11 Cultures That Don’t Celebrate New Year’s Day On January 1
New Year is considered the new beginning of a lot of things. And all these new things include new aspirations, new goals, new relationships, and a bag full of new opportunities. But do you know, not everyone celebrates their New Year’s on January 1? Yes, you read that right; come let us find out how New Year's day in different countries is celebrated! #MerryHappiness
1. Diwali (Marwari and Gujarati New Year Day)
This festival of lights is very famous among Northern Indian communities and is celebrated by Hindus, Sikhs, and Jains as Indian New Year day. Not just in India, Indians living in any region of the world, celebrate Diwali with a full swing by decorating their house, cleaning it, and wearing new clothes and munching some sweets.
2. Chinese New Year
It is additionally recognized as the Spring Festival or the Lunar New Year. This signifies the beginning of the harvest season in China. New Year's Day celebration in China happens with the exchange of red envelopes as a gift for New Year, filled with money. The Chinese traditional sweet dish of egg-filled moon-cakes is also eaten.
3. Ugaadhi (Telugu and Kannada New Year)
In India, states of Telangana, Karnataka, and Andhra Pradesh, as per their lunar-calendar, these states can be seen celebrating their New Year with their rituals. The day rejoices with desserts, fireworks, and new outfits. The most famous snack is the Ugaadhi pachadi, a mango sweet, and sour chutney devoured either as a side dish or on its own.
4. Seollal (Korean New Year)
In Korea, New Year’s celebrations long for a period of 3 days. Where there is a national holiday in the nation to bid farewell to a beautiful past year, and for the New Year’s celebration, people are dressed up in colourful attires called Hanbok, and some other people can be seen serving tea to their guests; this ritual is Chayre.
5. Puthandu (Tamil New Year)
This New Year is experienced on April 14 in the region of the country, according to the solar calendar. The New Years day party is celebrated with new clothes, sweets, and decorating the house with Kolams. The same celebrations can be seen by Tamilians living in Sri Lanka, Malaysia, and Singapore.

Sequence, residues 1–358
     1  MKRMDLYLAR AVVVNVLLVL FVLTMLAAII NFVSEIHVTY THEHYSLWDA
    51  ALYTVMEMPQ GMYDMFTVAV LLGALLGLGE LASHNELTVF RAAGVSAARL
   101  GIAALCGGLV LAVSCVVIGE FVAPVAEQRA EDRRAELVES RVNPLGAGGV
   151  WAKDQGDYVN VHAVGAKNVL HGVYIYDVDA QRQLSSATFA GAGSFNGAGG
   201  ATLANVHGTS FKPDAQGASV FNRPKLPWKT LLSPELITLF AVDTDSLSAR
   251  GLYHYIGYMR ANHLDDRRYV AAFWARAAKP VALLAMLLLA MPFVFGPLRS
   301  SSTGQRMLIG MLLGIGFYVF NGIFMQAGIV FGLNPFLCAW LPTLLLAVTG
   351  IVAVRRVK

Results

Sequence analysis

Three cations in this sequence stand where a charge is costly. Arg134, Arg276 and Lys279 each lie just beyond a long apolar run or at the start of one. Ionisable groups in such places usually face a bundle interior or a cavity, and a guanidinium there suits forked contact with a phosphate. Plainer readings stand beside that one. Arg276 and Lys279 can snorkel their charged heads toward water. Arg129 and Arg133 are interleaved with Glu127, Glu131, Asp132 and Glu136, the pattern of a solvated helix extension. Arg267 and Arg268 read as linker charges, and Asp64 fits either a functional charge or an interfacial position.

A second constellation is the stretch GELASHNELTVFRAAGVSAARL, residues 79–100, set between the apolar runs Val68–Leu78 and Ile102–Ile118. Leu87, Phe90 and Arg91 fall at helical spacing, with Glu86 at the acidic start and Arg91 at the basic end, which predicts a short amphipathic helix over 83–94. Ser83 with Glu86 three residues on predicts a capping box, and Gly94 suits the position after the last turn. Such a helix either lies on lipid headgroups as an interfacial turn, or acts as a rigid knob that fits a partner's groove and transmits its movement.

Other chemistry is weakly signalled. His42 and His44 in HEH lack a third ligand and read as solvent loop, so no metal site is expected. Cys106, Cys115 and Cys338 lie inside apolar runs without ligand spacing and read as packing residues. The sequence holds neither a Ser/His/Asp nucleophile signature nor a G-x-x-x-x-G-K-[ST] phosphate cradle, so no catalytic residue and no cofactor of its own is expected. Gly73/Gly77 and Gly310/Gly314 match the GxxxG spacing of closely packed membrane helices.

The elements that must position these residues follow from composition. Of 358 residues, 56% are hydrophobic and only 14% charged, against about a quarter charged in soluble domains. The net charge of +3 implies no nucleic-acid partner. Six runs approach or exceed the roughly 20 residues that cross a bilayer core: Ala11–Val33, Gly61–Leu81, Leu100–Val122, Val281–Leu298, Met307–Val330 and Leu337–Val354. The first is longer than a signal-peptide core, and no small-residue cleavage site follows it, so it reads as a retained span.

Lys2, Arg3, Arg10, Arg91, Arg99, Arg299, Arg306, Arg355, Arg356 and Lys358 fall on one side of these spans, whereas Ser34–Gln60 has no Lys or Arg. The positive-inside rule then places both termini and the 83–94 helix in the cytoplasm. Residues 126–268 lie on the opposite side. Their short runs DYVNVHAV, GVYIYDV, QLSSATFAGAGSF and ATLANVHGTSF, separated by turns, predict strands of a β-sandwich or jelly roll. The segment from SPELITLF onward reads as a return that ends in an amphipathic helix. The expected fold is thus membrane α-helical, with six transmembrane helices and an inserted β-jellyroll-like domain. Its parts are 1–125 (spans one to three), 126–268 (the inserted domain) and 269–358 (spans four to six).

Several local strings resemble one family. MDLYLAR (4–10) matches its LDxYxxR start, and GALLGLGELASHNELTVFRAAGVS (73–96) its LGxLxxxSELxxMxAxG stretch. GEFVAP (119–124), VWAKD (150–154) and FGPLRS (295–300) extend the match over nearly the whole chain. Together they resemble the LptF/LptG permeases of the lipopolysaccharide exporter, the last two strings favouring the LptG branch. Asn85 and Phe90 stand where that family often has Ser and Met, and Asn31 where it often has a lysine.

6. Nyepi (Balinese New Year)
According to lunar-based Saka Calendar, the first day of this calendar is celebrated as the New Year by the Balinese and Javanese culture. Opposite to how the entire world celebrates New Year, Nyepi’s New Year is very much self-relaxing and restful. Only on New Year’s Eve, there are fireworks around the city.
7. Nowruz (Iranian New Year)
Celebrating the beginning of the Spring season, Nowruz is celebrated by both Zoroastrian and Baha’i communities. During Nowruz, Trumpets can be heard on the streets, colourful eggs, and a pot full of grains can be seen as part of the celebrations to welcome the Spring season.
8. Raʼs as-Sanah al-Hijrīyah (Islamic New Year)
Islamic New Year signifies the first day of Muharram, which is the first month in the Muslim Calendar. It celebrates the migration of Prophet Mohammed from Mecca to Medina, known as Hijra. The holiday is marked by the Muslims living worldwide, though not with the same excitement correlated with Eid.
9. Aluth Avurudda (Sinhalese New Year)
The people of Sri Lanka celebrate Aluth Avurudda coincidences with Tamil New Year. Most of the New Year’s mentioned in this blog signifies the beginning of spring season, whereas this New Year means the end of it. The celebration of this day can be seen by keeping the house door open, to welcome friends and family.
10. Rosh Hashanah (Jewish New Year)
Rosh Hashanah is a two-day holiday memorializing the end of the 7th day of Creation from the Book of Genesis. The festival includes rituals that are both performed with demonstration and with quiet contemplation. Honey and apple are common in food around this time, with sweetness signifying positivity and all things good.
11. Aboriginal Murador New Year
The Western Australian Aboriginal tribe of Murador observed New Year’s Day on October 30 in the Gregorian calendar. An important day in the tribe’s calendar, it is considered as the time for friendship, reconciliation, and giving thanks to the year gone.